Corpus-based analysis of conceptual metaphors of Happiness in Russian and English: Olga Pavpertova
Corpus-based analysis of conceptual metaphors of HAPPINESS in Russian and English
Olga Pavpertova (Heidelberg)
Learn a new language and get a new soul. (Czech proverb)
Emotions and feelings have always played a central role in human life. Happiness, in particular, is a state that human beings, consciously or unconsciously, have always been eagerly searching for. These feelings must be distinctly expressed and easily communicated among the speakers of a particular speech community. In fact, this assumption conforms to the main principle of cognitive linguistics, i.e. a synthesis of language, mind and culture, which has proved to be an efficient and highly productive approach over the last decades, providing new insights into the nature of concepts. A central concern in cognitive linguistics is the study of metaphors as thought- and reality-constructing products of the human mind. Each metaphor presents a unique way of thinking about a given concept, highlighting some aspects of the target domain and hiding others (cf., e.g., Lakoff & Johnson 1980: 10–14; Deignan 2005: 1). Generally, metaphorical and metonymic processes are in constant interaction within one emotion category and have to be considered in combination. In the present study, I will, however, highlight metaphorical conceptualizations of the emotion under investigation, i.e. HAPPINESS, and will not discuss metonymic aspects in detail.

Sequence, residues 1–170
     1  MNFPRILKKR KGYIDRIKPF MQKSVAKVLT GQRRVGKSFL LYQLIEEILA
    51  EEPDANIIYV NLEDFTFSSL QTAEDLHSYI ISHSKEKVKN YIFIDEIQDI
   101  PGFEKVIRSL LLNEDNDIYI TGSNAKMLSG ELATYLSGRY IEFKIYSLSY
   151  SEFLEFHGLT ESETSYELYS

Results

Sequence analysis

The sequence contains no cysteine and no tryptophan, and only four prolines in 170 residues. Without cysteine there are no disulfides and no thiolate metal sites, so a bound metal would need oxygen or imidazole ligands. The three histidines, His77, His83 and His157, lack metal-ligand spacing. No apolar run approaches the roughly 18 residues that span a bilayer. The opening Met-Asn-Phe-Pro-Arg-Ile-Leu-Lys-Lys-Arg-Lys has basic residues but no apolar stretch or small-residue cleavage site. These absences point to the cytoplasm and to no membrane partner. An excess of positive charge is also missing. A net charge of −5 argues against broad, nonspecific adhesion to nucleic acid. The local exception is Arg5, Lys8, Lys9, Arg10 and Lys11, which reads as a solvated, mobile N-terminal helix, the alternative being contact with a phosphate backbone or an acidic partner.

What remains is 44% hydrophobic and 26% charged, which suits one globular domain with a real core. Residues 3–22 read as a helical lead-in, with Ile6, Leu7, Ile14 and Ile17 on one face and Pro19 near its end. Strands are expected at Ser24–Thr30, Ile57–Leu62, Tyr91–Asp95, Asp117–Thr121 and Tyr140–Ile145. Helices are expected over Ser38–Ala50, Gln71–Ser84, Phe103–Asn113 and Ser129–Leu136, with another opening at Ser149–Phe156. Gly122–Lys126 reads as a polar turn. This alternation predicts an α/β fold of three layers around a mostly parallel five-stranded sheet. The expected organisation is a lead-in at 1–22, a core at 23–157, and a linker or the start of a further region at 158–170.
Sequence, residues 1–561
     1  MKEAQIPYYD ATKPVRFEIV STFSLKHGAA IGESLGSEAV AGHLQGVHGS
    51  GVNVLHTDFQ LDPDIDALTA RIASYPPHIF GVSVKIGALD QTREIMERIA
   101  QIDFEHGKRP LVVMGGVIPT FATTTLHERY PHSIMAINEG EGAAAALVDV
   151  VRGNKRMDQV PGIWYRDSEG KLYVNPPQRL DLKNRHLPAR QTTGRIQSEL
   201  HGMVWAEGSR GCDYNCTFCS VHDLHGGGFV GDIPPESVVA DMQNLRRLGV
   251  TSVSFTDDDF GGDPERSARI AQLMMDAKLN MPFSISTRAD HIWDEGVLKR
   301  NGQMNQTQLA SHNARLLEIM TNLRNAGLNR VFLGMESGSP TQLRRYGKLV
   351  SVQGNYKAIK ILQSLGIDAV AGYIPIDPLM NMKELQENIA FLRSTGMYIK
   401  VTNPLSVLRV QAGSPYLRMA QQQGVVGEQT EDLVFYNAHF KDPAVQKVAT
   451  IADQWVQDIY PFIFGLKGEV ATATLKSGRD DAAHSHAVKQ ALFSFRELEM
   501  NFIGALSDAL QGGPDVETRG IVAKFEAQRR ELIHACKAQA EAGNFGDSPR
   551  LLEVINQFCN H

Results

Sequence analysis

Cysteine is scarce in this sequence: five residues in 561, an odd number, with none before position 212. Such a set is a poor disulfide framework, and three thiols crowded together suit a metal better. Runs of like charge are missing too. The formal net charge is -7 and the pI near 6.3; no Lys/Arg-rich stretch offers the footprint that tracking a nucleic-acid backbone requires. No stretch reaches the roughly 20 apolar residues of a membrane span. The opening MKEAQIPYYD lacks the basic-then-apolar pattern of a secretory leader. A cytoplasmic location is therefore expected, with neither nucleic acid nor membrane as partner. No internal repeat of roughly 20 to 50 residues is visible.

Emotion concepts, and conceptual metaphors in general, have often been analyzed by means of introspective or informant-based elicitation approaches. In my study, I rely on the findings of this...